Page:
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Kenya Eurobonds risk rating falls on investor confidence after polls – Business Daily

The National Treasury building in Nairobi on Sunday, May 24, 2020. PHOTO | DENNIS ONSONGO | NMG
International investors have cut Kenya’s sovereign risk rating sharply, lowering their yield demands on outstanding Eurobonds by an average of 5.86 percentage points in the last month.
Kenya’s peaceful conduct of its General Elections has helped cut the political risk that had partly driven the yield jump in July, while fiscal pressure is also expected to ease on the back of falling crude prices and the possibility of resumption of grain exports from Ukraine and Russia.
Secondary market yields on bonds normally go up when investors attach higher risk perception to an issuer, with bond prices going the other way as more people look to offload the papers.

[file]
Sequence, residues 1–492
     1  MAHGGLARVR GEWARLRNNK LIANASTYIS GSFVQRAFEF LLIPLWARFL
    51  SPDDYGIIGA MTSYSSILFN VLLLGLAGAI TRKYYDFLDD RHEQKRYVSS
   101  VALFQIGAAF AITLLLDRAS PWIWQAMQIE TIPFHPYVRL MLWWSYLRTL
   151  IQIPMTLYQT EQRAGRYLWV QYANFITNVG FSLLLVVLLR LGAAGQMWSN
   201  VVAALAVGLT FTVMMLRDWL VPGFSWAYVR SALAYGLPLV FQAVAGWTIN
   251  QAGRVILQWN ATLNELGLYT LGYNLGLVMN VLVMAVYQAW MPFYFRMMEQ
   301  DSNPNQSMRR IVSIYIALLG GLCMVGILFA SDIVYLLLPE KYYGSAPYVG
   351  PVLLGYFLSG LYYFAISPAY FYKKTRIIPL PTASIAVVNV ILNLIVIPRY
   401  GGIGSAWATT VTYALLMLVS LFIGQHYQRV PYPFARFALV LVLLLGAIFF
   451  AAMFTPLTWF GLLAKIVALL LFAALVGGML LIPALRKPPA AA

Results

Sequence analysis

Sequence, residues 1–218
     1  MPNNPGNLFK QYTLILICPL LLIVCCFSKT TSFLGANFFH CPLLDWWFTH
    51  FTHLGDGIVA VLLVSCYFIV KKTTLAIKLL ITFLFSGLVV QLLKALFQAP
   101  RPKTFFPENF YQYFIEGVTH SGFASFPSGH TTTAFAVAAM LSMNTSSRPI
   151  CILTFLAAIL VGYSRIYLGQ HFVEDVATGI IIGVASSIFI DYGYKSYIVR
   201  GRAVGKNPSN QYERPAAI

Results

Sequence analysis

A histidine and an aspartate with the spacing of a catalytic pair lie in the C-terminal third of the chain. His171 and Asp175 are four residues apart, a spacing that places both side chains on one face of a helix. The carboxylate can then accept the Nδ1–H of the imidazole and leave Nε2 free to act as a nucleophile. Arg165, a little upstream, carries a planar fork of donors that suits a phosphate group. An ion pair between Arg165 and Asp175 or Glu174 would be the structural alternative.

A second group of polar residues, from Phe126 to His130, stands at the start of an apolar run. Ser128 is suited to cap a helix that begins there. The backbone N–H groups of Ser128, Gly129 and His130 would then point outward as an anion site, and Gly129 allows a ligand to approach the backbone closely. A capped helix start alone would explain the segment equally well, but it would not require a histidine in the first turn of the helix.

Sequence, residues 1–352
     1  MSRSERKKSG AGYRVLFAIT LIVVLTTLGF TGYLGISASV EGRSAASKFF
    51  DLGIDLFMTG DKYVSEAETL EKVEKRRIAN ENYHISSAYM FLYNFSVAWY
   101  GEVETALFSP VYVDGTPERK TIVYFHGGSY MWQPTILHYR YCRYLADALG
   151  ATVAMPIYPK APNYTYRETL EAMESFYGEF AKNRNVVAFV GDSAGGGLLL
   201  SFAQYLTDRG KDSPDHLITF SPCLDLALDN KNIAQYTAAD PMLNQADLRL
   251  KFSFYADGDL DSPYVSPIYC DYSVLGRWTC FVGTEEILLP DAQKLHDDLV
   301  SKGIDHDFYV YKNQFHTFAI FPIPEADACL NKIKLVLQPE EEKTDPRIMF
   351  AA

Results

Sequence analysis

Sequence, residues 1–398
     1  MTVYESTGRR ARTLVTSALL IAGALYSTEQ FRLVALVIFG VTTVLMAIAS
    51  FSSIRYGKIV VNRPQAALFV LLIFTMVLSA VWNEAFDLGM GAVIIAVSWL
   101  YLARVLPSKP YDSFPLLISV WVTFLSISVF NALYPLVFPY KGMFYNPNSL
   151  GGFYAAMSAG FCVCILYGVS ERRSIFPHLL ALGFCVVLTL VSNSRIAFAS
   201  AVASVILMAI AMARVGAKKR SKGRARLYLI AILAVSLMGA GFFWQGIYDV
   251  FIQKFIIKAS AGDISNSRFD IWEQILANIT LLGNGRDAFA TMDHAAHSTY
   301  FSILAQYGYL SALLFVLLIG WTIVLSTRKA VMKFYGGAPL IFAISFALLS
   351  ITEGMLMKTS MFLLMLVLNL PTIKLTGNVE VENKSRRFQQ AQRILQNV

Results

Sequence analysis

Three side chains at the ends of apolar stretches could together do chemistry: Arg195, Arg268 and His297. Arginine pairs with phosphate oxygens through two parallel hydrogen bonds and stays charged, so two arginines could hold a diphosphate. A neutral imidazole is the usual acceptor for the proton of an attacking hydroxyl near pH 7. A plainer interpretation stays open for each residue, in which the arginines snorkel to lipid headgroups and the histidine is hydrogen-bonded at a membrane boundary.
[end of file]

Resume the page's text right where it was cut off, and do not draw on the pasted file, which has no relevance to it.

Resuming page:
These yields are also a guide to an issuer on the rate they can expect to pay should they float a new paper.
In mid-July, yields on Kenya’s outstanding Eurobonds that trade at the London and Irish stock exchanges rose to all-time highs of between 15 percent and 22 percent, forcing the government to shelve plans for a new issuance over what it termed as “unfavourable market conditions”.
These yields have since then retreated to between 10.2 percent and 13 percent.
“In the international market, yields on Kenya’s Eurobonds declined by an average of 248.5 basis points, with the largest fall in yields (313.6 basis points) for the 2024 maturity,” said the Central Bank of Kenya (CBK) in its weekly bulletin released last Friday.
The highest yield is on the seven-year bond maturing in 2027 at 13 percent, while the 13-year paper maturing in 2034 is the lowest at 10.25 percent.
In mid-July, it was the 10-year paper maturing in June 2024 that carried the highest yield at 22.04 percent, but this has now retreated to 12.19 percent.
Lower rate demands by investors bode well for the incoming administration, which is inheriting a budget that carries a deficit of Sh845 billion for the year ending June 2023.
To fund this budget hole, the Treasury is expected to borrow Sh280 billion from the external market, which will come from concessional loans from the International Monetary Fund (IMF) and World Bank as well as commercial borrowing.
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